Two men and one woman, nowhere near ordinary in their appearances, cross paths on the road and head to an unknown destination. Sometimes not knowing what they want or where they are headed, they walk the path together. They travel together, sometimes to find a better place and sometimes to find their ideals. Their journey, however, is not easy as thought. Because it is a path taken with strangers, the travelers argue with each other, sometimes to ceasing the partnership and venturing out individually. As they walk on the road, they experience despair in their inability to reach their ideals, but also find new goals in their lives. Day construction worker Yeongdal, a recent ex-con and inmate Mr. Jeong, and a runaway bar girl Baekhwa journey like this together in the film “The Road to Sampo” (Lee Man-hee, 1975), and so do Dongchil, Yukdeok, and Hyejeong in “Declaration of Idiot” (Lee Jang-ho, 1983) as they say goodbye and meet again on their life’s journey. “Whale Hunting” (Bae Chang-ho, 1984), is also similar in that the characters embark on a trip to find the speech and home that Chunja lost.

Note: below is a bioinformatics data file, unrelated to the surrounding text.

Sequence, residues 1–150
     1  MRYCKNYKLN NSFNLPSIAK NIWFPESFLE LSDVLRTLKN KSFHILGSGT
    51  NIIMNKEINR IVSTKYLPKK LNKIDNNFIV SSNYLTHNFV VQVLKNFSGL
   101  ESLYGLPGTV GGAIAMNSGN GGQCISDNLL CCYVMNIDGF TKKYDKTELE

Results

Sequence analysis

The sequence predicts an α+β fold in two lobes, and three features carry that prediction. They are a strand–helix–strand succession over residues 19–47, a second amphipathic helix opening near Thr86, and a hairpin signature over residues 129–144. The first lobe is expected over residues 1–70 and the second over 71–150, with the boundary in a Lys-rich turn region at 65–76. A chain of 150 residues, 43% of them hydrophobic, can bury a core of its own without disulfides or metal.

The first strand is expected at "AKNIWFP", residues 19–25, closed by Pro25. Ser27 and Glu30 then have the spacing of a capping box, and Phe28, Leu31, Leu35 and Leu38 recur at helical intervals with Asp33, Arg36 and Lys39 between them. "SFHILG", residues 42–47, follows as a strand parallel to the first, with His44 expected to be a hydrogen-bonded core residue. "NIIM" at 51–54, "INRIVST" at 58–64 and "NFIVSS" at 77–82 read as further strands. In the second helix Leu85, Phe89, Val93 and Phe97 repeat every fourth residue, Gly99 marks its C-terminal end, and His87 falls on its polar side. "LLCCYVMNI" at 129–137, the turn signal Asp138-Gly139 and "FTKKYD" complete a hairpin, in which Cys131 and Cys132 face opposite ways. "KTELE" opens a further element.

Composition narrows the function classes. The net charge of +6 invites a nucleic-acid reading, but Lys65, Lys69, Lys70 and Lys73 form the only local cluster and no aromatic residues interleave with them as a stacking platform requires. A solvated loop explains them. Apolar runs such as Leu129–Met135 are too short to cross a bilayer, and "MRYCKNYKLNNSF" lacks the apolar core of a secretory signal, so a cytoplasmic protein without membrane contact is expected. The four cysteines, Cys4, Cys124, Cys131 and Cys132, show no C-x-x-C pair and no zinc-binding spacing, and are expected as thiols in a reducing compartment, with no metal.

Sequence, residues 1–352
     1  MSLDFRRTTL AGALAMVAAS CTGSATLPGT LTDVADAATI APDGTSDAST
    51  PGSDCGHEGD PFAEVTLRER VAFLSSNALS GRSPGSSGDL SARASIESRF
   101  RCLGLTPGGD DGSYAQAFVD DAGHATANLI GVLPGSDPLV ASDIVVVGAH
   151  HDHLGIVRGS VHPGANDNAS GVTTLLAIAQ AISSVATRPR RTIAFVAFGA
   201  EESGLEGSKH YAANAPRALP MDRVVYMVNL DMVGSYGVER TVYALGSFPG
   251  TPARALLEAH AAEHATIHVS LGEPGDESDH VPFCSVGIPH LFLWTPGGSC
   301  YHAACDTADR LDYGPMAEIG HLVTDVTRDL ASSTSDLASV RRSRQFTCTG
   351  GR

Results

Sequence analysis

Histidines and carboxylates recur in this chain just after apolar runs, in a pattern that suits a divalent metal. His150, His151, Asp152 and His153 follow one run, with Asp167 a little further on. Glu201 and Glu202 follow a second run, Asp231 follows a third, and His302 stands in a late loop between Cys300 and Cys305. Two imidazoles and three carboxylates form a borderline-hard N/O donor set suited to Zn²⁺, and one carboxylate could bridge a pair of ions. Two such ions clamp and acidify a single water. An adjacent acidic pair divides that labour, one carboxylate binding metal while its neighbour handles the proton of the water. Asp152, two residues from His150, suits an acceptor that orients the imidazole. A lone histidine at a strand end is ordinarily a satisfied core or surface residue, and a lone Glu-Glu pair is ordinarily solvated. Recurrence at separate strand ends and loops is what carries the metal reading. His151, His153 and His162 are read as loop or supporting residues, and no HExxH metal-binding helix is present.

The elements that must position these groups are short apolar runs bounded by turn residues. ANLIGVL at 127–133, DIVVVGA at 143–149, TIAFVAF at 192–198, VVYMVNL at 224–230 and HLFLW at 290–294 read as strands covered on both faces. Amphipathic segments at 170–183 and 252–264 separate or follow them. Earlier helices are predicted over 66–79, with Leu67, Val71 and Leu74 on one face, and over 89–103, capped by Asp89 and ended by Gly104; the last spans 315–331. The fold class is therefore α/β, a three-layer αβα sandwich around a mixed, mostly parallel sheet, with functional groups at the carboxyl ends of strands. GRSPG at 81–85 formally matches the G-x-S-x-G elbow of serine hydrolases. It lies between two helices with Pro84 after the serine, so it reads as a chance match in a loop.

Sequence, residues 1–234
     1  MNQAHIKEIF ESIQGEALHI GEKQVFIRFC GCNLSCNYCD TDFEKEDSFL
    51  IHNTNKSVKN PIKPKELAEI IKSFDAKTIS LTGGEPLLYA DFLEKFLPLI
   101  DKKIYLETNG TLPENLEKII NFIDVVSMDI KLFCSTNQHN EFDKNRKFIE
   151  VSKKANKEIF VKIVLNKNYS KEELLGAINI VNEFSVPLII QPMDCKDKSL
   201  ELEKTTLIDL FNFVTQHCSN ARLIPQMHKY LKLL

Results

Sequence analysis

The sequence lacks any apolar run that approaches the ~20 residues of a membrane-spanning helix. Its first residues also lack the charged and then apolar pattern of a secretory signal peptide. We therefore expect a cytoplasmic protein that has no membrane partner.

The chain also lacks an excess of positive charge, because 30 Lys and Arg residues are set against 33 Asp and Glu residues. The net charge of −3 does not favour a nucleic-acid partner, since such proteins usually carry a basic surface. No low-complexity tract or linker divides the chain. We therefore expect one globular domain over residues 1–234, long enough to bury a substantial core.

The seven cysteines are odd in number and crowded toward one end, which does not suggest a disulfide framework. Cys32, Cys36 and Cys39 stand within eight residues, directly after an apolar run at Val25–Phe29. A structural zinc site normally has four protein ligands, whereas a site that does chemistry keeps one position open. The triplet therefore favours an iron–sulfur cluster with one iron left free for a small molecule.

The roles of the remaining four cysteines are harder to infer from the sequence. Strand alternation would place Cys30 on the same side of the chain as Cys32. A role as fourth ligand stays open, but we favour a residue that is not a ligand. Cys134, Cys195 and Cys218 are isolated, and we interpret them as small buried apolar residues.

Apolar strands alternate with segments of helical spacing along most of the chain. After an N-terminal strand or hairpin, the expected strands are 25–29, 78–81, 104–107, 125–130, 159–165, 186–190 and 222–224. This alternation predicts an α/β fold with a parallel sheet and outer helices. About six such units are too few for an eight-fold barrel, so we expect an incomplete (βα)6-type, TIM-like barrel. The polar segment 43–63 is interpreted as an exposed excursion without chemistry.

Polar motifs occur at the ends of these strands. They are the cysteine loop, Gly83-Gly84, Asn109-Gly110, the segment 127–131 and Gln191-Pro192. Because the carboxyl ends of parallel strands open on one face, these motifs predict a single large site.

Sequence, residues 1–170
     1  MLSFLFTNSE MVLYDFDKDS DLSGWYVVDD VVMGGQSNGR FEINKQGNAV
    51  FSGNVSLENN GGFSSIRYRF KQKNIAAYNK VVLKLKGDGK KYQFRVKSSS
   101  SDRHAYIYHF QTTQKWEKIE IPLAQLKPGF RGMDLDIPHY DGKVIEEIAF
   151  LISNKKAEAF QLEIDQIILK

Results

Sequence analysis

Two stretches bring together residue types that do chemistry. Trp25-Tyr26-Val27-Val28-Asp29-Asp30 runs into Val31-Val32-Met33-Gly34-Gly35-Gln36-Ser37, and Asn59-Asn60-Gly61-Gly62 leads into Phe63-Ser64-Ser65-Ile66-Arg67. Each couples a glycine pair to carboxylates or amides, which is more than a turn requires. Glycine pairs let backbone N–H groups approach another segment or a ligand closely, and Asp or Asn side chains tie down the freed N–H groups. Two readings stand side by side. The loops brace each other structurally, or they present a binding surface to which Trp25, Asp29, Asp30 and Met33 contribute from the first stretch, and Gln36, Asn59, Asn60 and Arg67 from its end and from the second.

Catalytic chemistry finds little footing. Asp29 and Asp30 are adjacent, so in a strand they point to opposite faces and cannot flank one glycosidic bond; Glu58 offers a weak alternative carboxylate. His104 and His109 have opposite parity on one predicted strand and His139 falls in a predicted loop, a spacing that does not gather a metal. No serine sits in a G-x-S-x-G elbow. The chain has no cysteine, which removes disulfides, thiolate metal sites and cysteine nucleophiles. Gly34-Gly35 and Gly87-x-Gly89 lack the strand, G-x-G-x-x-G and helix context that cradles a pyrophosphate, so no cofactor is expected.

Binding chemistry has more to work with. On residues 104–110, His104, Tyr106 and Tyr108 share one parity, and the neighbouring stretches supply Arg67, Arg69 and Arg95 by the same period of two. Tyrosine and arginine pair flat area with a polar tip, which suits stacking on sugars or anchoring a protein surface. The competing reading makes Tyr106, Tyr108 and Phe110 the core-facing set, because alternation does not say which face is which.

Along with “The Road to Sampo,” the original Korean road movie, “Declaration of Idiot” and “Whale Hunting” that run parallel with the Korean New Wave Cinema of the 1980s, as well as “Mandara” (Im Kwon-taek, 1981) and “The Man with Three Coffins” (Lee Jang-ho, 1987), are presented in the KMDb VOD Special for September and October. The characters in these films make the audience ask why they began their journey together, what were they feeling on the path they were walking, and what answers await at the end of the long road. In this fall season with fresh breeze that came after months of sweltering heat, what answers will we find in these films?